• Any special instructions, like care for a surviving pet

Without a proper will, your family can end up in probate court to sort things out—which can cost thousands of dollars. You can work with an attorney to create a will, and there are also free services online to help you draw one up if cost is an issue. Keep in mind that some things can’t be covered in a will, like things you own with another person (i.e., a house) or assets with a beneficiary (like a life insurance policy). An attorney can help you create a plan based on your personal needs.

Related reading: Do I need a will? 

Creating powers of attorney

There are two main kinds of power of attorney: healthcare, which gives someone the power to make medical decisions for you if you can’t, and financial, which gives someone the power to manage your finances in your stead. You’ll want to choose a trusted relative or friend to handle these duties and let them know you’re putting them in charge. Once you choose your person, an attorney can help you create powers of attorney, or you can find inexpensive services online to create them yourself.

Other documents to consider include a HIPAA waiver, which allows other family members to receive details about your health. In addition, a living will lets you put your wishes for end-of-life care in writing—which can help save your family from making difficult, emotional decisions around your hospital bed.

Gathering important documents

In the emotional fog after your death, you don’t want your family struggling to track down your will or the deed to your house. Keep physical copies of important documents in a single spot, including your Social Security card, birth and marriage certificates, estate planning documents, education and military records, banking and investment information, insurance policies, and mortgage documents. Also, create a list of logins and passwords for social media handles, email, utilities, and other digital accounts. Finally, let your partner or another trusted person know where to find everything when it’s time.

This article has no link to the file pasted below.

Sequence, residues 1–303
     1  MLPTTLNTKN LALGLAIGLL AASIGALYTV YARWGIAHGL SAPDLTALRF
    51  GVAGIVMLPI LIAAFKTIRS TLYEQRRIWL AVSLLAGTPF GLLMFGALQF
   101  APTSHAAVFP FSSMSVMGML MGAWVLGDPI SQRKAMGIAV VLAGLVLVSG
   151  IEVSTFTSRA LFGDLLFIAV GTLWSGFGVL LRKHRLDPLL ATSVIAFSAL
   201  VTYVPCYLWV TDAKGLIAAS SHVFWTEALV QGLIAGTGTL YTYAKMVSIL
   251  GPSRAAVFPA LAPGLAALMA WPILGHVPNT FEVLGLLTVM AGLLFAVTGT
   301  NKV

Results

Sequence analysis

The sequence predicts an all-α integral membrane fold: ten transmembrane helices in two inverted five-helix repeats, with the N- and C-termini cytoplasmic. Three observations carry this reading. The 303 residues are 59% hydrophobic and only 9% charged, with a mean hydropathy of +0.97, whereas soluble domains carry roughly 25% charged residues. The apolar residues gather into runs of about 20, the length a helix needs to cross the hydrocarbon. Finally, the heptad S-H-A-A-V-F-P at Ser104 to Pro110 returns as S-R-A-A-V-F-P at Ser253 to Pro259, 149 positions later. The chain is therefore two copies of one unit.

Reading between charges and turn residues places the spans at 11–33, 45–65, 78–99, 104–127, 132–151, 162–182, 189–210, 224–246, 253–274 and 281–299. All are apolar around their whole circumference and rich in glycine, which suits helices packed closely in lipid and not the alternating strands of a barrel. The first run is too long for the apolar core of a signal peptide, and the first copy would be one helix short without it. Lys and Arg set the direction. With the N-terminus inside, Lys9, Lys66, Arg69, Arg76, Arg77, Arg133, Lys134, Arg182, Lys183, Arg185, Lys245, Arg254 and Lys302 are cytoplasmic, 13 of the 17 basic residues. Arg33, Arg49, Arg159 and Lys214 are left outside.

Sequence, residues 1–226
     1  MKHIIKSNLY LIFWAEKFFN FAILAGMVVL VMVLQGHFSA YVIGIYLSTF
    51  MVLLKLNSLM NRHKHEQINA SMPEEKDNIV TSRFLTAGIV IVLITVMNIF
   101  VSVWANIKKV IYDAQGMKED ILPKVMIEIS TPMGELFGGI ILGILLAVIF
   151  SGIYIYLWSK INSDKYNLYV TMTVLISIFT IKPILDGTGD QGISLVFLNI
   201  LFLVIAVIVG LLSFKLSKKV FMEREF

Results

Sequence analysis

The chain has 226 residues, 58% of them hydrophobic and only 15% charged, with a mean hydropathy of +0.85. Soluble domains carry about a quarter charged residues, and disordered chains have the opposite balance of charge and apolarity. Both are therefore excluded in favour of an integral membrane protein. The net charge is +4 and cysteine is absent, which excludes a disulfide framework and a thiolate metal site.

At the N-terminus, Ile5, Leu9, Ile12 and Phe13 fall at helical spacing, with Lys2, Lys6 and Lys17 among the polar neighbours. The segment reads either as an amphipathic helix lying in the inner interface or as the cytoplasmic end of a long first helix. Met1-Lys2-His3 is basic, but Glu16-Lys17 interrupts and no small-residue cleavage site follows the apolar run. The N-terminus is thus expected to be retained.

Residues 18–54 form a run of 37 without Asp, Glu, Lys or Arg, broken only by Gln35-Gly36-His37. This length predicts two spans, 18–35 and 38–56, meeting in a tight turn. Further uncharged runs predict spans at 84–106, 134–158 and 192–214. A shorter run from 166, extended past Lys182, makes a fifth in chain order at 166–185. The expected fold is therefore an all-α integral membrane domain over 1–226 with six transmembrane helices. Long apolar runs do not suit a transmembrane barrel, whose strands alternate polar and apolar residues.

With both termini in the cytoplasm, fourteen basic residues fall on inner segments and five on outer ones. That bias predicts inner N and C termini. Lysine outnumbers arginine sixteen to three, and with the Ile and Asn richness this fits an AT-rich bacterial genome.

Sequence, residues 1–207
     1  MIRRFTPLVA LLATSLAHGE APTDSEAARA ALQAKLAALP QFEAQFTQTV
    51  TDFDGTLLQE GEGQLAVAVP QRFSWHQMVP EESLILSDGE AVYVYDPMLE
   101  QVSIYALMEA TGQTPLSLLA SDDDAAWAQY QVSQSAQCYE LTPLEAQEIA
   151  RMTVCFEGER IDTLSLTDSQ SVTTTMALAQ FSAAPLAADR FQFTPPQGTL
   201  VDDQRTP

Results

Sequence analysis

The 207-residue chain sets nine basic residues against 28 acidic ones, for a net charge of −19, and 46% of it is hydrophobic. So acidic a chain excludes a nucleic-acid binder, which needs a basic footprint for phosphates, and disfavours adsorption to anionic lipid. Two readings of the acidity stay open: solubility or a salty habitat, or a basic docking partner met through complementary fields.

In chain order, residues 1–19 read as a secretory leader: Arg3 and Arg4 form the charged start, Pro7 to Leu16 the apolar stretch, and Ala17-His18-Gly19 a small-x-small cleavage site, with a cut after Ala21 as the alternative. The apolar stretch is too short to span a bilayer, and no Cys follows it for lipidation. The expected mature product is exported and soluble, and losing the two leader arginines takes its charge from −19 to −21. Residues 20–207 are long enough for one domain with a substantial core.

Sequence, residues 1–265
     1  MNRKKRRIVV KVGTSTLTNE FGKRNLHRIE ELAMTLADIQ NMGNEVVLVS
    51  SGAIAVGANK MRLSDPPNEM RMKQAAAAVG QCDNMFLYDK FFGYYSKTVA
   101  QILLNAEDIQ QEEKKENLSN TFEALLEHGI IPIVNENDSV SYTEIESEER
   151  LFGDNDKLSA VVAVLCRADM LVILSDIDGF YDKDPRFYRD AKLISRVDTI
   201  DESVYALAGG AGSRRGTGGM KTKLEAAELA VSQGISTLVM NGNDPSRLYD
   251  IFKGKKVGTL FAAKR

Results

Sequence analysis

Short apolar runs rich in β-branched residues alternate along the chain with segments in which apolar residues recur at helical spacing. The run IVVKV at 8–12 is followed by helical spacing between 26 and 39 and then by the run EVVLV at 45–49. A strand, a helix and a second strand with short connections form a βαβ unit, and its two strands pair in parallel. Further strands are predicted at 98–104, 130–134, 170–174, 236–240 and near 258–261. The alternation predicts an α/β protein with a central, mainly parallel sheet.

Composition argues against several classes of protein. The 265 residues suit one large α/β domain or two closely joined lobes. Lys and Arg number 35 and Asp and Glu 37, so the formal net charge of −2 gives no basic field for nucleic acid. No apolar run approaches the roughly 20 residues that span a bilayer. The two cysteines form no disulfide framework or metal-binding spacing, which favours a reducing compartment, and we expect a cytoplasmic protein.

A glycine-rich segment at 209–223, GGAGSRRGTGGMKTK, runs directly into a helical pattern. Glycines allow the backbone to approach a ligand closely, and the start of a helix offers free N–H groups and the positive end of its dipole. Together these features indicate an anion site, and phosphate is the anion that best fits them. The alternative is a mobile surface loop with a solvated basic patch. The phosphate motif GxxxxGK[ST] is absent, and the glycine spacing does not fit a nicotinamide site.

Communicating your plans

Would you like to be buried in your favorite sports jersey? Are you afraid of ending up in a nursing home? Ultimately, it will be your family’s responsibility to step in when you’re gone and make sure things are carried out the way you would have wanted. It’s important to be honest and upfront about your expectations and wishes. If it’s too hard to say the words, consider writing a letter to your family and loved ones.

Insurance and end-of-life planning

An important part of end-of-life planning is making sure your death doesn’t create financial burdens for those you love. You work hard now to protect your family, and life insurance can help protect them once you’re no longer there.

The end of life can come with some steep costs—the average funeral costs upward of $10,000, and your family might also face medical bills or other expenses. Final expense insurance can help cover those exact kinds of costs. Designed for people between 50 and 85, final expense is typically available in amounts up to $35,000, with no medical exam required.

It might feel like a tricky topic to approach, but once you’ve checked end-of-life planning off your list, you’ll likely feel much more at peace with whatever the future may bring. Taking steps like creating a will, planning for final expenses, and talking with your loved ones can help make sure they’re able to fulfill your wishes while caring for themselves. You—and your family—will be grateful you did.

Find the life insurance you need to protect your family, at a price you can afford. Get quotes from multiple carriers and personalized guidance from a licensed eFinancial agent to help you choose the right coverage. 

Was this article helpful?

4 min
4 min
5 min
3 min
5 min